It has recently been shown that there is an extensive cardio-regulatory sympathetic innervation of the heart in some teleosts (Govyrin & Leonteva, 1965; Otsuka & Tomisawa, 1969; Gannon & Burnstock, 1969), the adrenergic fibres presumably entering with the vagus (Gannon, 1971) as they do in amphibians (Gaskell, 1886; Langley & Orbeli, 1911). In contrast, Gannon, Campbell & Satchell (1972) illustrated a very sparse adrenergic innervation in elasmobranchs, which was confined to the vagus venosus, and they considered that this may account for the slight reduction in o-atrial conduction time on stimulation of the ducti Cuvieri, which was reported by Izquiredo (1930). The balance of evidence would suggest that the sparse adrenergic innervation of the elasmobranch heart is not involved in the control of heart rate (Bottazzi, 1902; Lutz, 1930). It therefore appears that the nervous innervation of the elasmobranch heart is entirely inhibitory and that any increase in heart rate or stroke volume will be dependent upon the release of vagal tone, or upon intrinsic or humoral regulatory mechanisms. At present, there is no clear indication of the relative roles of these regulatory mechanisms in the intact fish.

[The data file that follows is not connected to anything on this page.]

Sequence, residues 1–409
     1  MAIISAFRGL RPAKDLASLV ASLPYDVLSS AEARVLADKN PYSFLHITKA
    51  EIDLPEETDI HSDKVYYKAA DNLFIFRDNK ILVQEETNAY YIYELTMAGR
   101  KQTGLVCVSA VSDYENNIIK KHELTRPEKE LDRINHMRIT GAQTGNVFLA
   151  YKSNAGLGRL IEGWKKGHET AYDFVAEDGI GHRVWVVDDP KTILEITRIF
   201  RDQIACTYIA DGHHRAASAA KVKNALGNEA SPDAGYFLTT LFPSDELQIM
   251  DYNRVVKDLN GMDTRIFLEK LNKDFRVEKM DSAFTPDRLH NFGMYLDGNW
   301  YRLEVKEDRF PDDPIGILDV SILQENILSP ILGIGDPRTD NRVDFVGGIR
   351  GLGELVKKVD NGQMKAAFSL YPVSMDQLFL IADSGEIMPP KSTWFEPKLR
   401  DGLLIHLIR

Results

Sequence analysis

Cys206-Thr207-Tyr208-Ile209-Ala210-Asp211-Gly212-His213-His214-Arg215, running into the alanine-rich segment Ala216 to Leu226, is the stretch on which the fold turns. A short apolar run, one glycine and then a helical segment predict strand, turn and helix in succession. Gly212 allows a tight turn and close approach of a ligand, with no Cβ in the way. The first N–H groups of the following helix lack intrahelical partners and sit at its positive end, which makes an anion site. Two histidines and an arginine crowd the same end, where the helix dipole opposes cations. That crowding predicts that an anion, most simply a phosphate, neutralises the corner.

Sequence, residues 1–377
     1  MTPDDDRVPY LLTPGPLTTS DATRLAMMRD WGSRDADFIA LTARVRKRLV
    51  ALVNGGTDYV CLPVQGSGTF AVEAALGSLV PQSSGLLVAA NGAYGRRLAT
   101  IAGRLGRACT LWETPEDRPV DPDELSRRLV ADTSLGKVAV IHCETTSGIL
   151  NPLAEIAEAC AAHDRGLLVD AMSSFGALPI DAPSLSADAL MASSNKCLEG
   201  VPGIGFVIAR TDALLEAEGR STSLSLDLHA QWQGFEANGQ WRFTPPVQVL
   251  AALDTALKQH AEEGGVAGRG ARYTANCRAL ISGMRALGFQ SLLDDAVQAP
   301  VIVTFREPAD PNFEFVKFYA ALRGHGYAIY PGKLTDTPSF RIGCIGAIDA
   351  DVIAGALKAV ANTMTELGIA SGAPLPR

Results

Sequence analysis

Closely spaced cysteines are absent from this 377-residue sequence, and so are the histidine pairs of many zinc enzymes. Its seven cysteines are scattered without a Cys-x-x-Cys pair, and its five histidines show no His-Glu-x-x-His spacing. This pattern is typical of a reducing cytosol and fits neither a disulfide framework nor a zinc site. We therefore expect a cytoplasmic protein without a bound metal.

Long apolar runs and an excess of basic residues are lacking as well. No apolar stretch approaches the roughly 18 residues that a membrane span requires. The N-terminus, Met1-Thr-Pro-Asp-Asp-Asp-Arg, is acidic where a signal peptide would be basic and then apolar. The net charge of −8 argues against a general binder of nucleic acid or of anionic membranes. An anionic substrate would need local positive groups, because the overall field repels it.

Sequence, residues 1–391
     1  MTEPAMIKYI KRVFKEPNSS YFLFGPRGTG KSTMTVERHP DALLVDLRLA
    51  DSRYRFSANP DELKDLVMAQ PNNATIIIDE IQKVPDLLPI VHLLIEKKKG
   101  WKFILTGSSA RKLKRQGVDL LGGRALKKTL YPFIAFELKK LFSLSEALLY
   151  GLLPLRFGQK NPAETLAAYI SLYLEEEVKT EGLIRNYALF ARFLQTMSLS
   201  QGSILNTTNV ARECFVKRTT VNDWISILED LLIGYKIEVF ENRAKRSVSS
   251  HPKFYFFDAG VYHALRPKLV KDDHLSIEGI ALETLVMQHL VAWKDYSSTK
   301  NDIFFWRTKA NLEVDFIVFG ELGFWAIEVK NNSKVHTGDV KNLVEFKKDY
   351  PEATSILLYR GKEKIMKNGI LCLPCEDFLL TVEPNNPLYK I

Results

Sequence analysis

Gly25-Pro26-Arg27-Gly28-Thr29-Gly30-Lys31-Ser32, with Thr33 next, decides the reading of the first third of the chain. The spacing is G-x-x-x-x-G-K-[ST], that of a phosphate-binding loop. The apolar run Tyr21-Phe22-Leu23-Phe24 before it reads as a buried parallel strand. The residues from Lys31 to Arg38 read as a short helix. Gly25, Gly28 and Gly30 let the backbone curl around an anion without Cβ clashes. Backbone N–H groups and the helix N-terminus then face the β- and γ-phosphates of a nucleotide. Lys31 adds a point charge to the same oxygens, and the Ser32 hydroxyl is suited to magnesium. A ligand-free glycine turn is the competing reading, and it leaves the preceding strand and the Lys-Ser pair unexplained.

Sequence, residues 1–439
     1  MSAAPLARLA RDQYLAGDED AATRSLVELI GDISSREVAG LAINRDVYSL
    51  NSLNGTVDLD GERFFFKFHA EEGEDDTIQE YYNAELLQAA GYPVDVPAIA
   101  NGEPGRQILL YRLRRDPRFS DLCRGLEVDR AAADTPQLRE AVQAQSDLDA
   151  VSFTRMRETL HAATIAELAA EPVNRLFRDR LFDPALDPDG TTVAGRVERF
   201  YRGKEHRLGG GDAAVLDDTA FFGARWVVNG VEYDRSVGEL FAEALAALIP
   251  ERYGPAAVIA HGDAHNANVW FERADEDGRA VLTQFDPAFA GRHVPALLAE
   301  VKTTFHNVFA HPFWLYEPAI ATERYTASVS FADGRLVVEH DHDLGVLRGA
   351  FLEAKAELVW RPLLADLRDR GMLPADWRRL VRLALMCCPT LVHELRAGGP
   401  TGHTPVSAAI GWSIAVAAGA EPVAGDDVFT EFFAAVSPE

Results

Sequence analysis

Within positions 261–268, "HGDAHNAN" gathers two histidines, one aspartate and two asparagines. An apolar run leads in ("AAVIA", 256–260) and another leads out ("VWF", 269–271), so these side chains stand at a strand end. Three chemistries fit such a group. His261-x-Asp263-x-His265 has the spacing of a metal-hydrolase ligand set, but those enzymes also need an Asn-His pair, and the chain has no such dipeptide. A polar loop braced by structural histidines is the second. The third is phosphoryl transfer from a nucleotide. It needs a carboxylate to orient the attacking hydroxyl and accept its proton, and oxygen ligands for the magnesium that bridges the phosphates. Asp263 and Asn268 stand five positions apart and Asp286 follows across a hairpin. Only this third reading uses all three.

Recent evidence has suggested that the majority of the vagal activity to the dogfish heart during normoxia is exerted via the branchial cardiac branches, the visceral cardiac branches being of secondary importance in this respect (Taylor et al. 1977). In view of the importance of the two pairs of cardiac vagi for cardiac control in elasmobranchs, the present study was undertaken to determine their function using electrical stimulation techniques. We wished to see if heart rate or stroke volume could be augmented at any intensity or frequency of stimulation, either before or after injection of atropine. The relative importance of circulating catecholamines and Starling’s Law of the heart in determining heart rate and blood flow through the ventral aorta during normoxia and during the response to hypoxia has also been investigated, by using adrenergic receptor blocking agents.